New Mexico Water Resources Research Institute

New Mexico Water Resources Research Institute

Former NM WRRI Student Grant Recipient Graduates, Accepts Employment in New Mexico, and Co-authors Paper

By Catherine Ortega Klett, NM WRRI Program Manager

Amanda Otieno received a master’s degree from the University of New Mexico’s Water Resources Program in December 2017. In 2017, she was awarded an NM WRRI Student Water Research Grant for a study on the effects of the 2011 Las Conchas fire on soil chemistry (see July 2017 eNews), under the advisement of Dr. Rebecca Bixby of UNM’s Department of Biology. Amanda is now working for a precious metals company in Rio Rancho as a chemist.

Amanda is a co-author on a recently published paper entitled, Metal Reactivity in Laboratory Burned Wood from a Watershed Affected by Wildfires. The paper was published in 2018 in Environmental Science and Technology (Environ. Sci. Technol. 2018, 52, 8115-8123). Authors include Asifur Rahman, Eliane El Hayek, Johanna M. Blake, Rebecca J. Bixby, Abdul-Mehdi Ali, Michael Spilde, Amanda A. Otieno, Keely Miltenberger, Cyrena Ridgeway, Kateryna Artyushkova, Viorel Atudorei, and José M. Cerrato. Both Asifur Rahman and José Cerrato also have received funding through the NM WRRI.

The paper describes how wildfires, such as the Las Conchas fire, have many lingering effects on local water quality, primarily due to the leaching of metals from burned soils and wood ash. The main objective of the reported study was to investigate the interfacial processes affecting wood ash reactions with water by integrating laboratory experiments, spectroscopy, microscopy, and aqueous chemistry methods. The release of metals and dissolved organic carbon (DOC) was assessed in batch experiments reacting laboratory burned wood ash with water. Additional experiments were conducted to investigate sorption processes that affect ash−metal interactions.

Results from the soil analysis showed that soils from different burn severities have different concentrations of major elements including iron, copper, chromium, zinc, and manganese. For example, iron was substantially higher in the high severity burned soils, compared to the unburned soils. This soil chemistry information was essential in understanding the composition of ash from different tree species. Burned soil and ash in contact will naturally exchange metallic ions, so that the determination of the concentrations of trace metals in ash as a function of temperature, which was the primary focus of this report, was supported by knowledge gained through the concurrent analysis of burned soils.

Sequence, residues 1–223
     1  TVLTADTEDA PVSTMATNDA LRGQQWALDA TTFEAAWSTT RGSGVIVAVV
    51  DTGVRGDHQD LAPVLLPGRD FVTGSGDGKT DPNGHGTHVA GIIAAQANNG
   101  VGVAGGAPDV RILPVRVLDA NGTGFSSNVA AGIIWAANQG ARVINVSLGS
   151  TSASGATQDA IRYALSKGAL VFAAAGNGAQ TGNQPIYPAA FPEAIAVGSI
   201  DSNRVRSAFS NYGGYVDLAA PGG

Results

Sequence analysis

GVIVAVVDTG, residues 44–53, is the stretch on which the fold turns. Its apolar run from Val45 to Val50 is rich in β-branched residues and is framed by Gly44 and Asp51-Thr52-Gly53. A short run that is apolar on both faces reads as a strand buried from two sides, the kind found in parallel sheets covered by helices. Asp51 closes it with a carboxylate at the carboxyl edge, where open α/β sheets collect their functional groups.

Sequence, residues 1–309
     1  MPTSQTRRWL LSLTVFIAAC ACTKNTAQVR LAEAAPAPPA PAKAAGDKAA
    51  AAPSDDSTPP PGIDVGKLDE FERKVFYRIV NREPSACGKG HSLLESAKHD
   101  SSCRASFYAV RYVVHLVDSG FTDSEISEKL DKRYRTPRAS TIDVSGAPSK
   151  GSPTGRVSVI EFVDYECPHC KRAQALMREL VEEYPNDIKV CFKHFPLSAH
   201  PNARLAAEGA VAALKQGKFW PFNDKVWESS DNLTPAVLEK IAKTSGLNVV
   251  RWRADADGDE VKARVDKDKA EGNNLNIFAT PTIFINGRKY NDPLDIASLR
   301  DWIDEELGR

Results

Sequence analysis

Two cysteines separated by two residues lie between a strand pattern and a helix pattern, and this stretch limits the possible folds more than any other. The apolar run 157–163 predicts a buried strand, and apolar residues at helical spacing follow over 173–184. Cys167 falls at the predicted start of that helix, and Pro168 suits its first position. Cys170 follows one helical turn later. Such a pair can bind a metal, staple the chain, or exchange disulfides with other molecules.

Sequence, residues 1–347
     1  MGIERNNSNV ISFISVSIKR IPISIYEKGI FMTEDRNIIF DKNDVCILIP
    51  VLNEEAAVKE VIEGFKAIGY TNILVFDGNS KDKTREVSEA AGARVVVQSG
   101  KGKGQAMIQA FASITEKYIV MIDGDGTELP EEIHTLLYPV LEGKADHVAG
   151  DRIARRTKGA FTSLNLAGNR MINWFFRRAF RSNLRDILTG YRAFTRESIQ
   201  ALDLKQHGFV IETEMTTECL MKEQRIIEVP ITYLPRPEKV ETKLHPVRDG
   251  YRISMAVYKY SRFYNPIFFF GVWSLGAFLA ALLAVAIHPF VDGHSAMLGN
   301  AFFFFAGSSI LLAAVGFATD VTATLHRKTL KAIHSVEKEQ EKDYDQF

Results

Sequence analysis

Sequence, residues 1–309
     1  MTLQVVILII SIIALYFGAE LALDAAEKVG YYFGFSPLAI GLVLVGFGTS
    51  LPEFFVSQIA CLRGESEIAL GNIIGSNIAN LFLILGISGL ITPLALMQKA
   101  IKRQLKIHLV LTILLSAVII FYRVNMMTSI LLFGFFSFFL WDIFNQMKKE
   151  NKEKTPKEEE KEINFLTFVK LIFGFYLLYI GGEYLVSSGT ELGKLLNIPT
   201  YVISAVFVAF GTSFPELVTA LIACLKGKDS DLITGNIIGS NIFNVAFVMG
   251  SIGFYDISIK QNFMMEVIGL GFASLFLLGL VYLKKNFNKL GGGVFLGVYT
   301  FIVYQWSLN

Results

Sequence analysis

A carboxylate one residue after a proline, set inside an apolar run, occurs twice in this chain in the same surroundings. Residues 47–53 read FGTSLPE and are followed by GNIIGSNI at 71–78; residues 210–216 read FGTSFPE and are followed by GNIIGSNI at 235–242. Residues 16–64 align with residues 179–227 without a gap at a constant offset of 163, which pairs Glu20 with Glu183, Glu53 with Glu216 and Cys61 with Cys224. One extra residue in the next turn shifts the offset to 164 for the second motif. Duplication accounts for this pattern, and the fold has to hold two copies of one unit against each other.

The investigation of soil chemistry changes from different burn severities help to establish the physical factors that control the metal and DOC content associated with the water leaching of ash produced by different trees, such as Pine, Spruce, and Aspen, and at different burn temperatures. An interesting qualitative result is that many metals are found to leach from the ash into water initially, but then to subsequently reassociate with the ash surface over time. For example, up to 94% of copper ions were removed from water solution over a three-hour period, by subsequent readsorption to Pine ash created at a burn temperature of 350⁰C.  This ash also produced higher DOC concentration in water compared to ash burned at higher temperatures.

Results, such as these, may provide additional insight when considering watershed management after a wildfire, specifically one with different burn severities. The detrimental effect of the transport of wood ash into nearby streams can be more properly evaluated if the effect of burn intensity of the mineralogy and reactivity of metals associated with wildfire ash is better understood. Post-fire recovery strategies might be improved by taking into account the affected types of vegetation and the burn intensities experienced. The New Mexico Environment Department and the U.S. Forest Service are examples of agencies that may benefit from such analyses.

New Mexico Water Resources Research Institute

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